The calmness of meditating on the deep ocean's surface before a dive. The determination of powering yourself down into the depths further than you've been before. The unknown of an underwater oceanscape, waiting patiently for a dark silhouette. Holding breath. The stillness of taking aim. The appreciation of looking straight into his eyes before taking his life.  The adrenaline of firing and conflict. The short pang to your heart when you're holding the struggling fish and see the fear in its big eyes. The instinctual end to its pain with your knife. The ritual of cleaning. The process of fire-building. The art of cooking.

The reward of a healthy and delicious feast to share with your friends.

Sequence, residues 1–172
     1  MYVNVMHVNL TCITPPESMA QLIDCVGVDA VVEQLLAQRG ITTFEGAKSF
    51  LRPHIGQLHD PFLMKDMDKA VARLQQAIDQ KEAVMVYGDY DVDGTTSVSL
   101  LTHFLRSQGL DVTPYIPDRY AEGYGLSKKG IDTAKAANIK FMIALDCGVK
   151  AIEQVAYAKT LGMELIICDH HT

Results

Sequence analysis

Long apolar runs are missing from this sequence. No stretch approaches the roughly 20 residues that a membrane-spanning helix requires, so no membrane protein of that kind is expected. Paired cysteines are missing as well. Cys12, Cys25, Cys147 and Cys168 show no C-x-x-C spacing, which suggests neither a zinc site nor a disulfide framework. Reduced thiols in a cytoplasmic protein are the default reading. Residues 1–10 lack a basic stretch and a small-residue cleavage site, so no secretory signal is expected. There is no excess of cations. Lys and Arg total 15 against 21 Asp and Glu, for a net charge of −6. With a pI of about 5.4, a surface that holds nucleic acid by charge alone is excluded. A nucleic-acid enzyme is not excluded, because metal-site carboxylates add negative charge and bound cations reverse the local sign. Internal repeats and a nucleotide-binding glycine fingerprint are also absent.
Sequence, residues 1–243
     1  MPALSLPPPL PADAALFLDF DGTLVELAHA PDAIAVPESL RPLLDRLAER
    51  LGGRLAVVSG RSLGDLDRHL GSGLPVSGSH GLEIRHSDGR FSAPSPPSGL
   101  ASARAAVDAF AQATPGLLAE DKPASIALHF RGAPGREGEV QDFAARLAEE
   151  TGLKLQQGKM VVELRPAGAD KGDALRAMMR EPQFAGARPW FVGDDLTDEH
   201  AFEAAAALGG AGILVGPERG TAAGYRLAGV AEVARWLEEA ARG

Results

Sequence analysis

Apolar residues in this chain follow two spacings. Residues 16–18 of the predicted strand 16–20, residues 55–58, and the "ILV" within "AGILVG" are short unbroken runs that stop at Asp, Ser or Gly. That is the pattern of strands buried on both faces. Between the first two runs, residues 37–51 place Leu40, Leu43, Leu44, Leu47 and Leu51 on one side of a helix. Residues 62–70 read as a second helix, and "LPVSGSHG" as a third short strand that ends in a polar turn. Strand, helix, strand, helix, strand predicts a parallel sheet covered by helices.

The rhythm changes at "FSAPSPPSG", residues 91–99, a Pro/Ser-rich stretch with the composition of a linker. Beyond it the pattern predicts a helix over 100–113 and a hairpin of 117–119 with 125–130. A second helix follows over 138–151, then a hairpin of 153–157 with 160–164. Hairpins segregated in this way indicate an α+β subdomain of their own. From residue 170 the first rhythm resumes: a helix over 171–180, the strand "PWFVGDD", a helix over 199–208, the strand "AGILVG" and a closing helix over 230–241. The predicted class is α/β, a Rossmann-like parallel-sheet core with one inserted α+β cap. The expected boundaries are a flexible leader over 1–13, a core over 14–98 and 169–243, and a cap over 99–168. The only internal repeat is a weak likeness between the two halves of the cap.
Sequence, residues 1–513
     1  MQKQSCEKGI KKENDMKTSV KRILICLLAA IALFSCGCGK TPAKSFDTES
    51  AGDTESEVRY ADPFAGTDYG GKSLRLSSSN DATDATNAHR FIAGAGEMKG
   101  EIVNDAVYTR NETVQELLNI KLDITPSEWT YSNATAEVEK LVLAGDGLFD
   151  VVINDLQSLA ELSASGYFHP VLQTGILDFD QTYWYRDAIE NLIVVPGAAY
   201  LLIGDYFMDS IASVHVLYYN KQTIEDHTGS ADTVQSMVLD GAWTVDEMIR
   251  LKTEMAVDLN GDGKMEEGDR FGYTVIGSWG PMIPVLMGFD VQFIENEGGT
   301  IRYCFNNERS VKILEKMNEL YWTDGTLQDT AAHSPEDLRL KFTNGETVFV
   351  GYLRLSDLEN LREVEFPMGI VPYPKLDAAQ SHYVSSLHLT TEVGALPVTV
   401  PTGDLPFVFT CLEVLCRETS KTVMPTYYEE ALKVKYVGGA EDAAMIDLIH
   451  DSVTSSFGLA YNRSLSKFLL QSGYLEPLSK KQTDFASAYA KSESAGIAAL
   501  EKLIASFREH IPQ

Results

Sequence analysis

I froze, or rather went limp, as if preparing to dive, unable to move, watching the afternoon light dazzle huge schools of bait, circling down and around us as we dove.  I found it hard to think about finding fish as they were there, everywhere, but I was a mermaid too, part of it.  This is where childhood kicked in, not fears, but dreams.  And into it floated a sea turtle, unaware that anything out of the ordinary could be happening for these strange mer-creatures, flying along the reef, diving down out of sight.   Schools of small tuna, giant torrential rain droplets shattering the surface above, golden lightbeams piercing the depths and illuminating, nourishing - and shooting a beautiful grouper.   Matty came to the surface grinning like a child.  I think I was crying.  I hadn’t gotten over the turtle, and the swirling schools, and the light, and licking sheets of rain from my face as I came up for air.  Building lightning on the horizon thundering closer cued our paddle back, stoked and refreshed and still bursting through underwater light.  The reef came alive during that late afternoon storm; one of the most beautiful moments I’ve ever experienced.  The ocean gave us a life, that we barbecued over hot coals and shared with new friends from the island.   DSC00381-Edit DSC00488DSC00494 DSC00475 DSC00295 DSC00356   This is Bernard, a French sailor who has been traveling and living all over the world since he was 19, for the past 40 years.  He was anchored near the community island we stayed on, and has been living there for the past 2 years.   He had some beautiful things to say about a life unbarred by convention, following your dreams, and even age-old pirate wisdom that stuck with us: Back in the day, all pirates wore a gold earring.  Wherever they went they would always have one item that held universal monetary value, that they could sell when times got tough.  Being a modern day pirate, Bernard chooses a Rolex…   Truth was, Bernard is more of a gentleman than a pirate, and if ever you are looking at sailing in the San Blas, we’d suggest getting in touch with him.   _DSC1351-Edit-3   We were now fully inspired to become pirates, and needed to find a way to get to Colombia, as crossing the Darien Gap in the rainy season is not feasible on bikes.   Maybe in a stealth dugout to get you past the jungle sentries and cartels.  Maybe.. but not with our bikes in tow.   We called up the Stahlratte (Steel Rat), and booked our passage on the old Dutch 120ft, 1903 steel-hulled sail training vessel.   DSC00988   The ‘Steel Rat’s’ history ranges from training youth as sailors, use as a sailing fish boat, serving in both World Wars, and use as a Greenpeace vessel.  The historic value (and ability to carry motorcycles!) led to its current use as a non-profit ship, with volunteer crew, to transport hopefuls between continents.  After loading 12 huge bikes onto the decks in a tension-filled afternoon on the mainland of Kuna Yala, we set off through the islets to the first few days’ anchorage, nestled between two remote slices of paradise on the edge of the Kuna Yala archipelago.   DSC00868 DSC00844 DSC00916   It was a hugely positive experience for me to meet other motorcycle adventure riders.  From when I started in Mexico, I was pretty convinced that I would probably die on a motorcycle somewhere in Latin America.  Meeting 10 other people who were doing similar things made my chances seem… at least 10 times better.   DSC00939   After a few days of relaxing in tranquil paradise,   DSC00905   …being fed lovely tropical food,   DSC00965   monkeying around,   DSC00879DSC01085   ...and helping out with ship’s duties now and again, we set off early one morning into the horizon.  We awoke to some pretty rough rocking, and the sounds of last night’s dinner being violently ejected from many stomachs over the side of the ship.  Matty the pirate does not get seasick, and I had brilliantly taken Dramamine, which managed to ward off any nausea I may have experienced.   DSC01091   Thus piratized, we were able to experience the thrill of bouncing up and down in a huge ship, on wilder seas than I’ve ever experienced in a boat other than a ferry, and fall in love with the open ocean.   IMG_5834   At one point, at full sail, engines off, a huge pod of dolphins gathered around the bow and swam with us for about a half an hour.  We guessed there must have been at least 50…   DSC01168   We even got to climb to the crowsnest, and near the end of the voyage Matty espied land!!!!!   IMG_5873 IMG_5885IMG_5895   We’d reached Cartagena, Colombia, and 3 days of customs and immigration procedures, and SOUTH AMERICA!!!!!!!!!!   Chat soon! x